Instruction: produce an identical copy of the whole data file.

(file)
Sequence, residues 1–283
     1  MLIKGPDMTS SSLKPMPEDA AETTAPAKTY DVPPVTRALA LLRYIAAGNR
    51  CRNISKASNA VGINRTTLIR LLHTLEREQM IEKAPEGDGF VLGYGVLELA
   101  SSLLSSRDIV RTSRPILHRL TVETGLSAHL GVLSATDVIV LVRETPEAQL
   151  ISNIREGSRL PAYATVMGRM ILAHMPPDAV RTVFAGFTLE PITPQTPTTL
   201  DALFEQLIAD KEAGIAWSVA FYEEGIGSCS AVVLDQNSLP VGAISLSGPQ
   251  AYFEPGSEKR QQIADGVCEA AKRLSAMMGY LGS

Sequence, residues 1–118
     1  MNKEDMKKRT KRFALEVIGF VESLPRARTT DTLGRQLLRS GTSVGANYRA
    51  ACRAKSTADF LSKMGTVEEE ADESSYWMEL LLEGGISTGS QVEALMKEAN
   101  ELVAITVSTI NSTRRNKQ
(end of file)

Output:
Sequence, residues 1–283
     1  MLIKGPDMTS SSLKPMPEDA AETTAPAKTY DVPPVTRALA LLRYIAAGNR
    51  CRNISKASNA VGINRTTLIR LLHTLEREQM IEKAPEGDGF VLGYGVLELA
   101  SSLLSSRDIV RTSRPILHRL TVETGLSAHL GVLSATDVIV LVRETPEAQL
   151  ISNIREGSRL PAYATVMGRM ILAHMPPDAV RTVFAGFTLE PITPQTPTTL
   201  DALFEQLIAD KEAGIAWSVA FYEEGIGSCS AVVLDQNSLP VGAISLSGPQ
   251  AYFEPGSEKR QQIADGVCEA AKRLSAMMGY LGS

Sequence, residues 1–118
     1  MNKEDMKKRT KRFALEVIGF VESLPRARTT DTLGRQLLRS GTSVGANYRA
    51  ACRAKSTADF LSKMGTVEEE ADESSYWMEL LLEGGISTGS QVEALMKEAN
   101  ELVAITVSTI NSTRRNKQ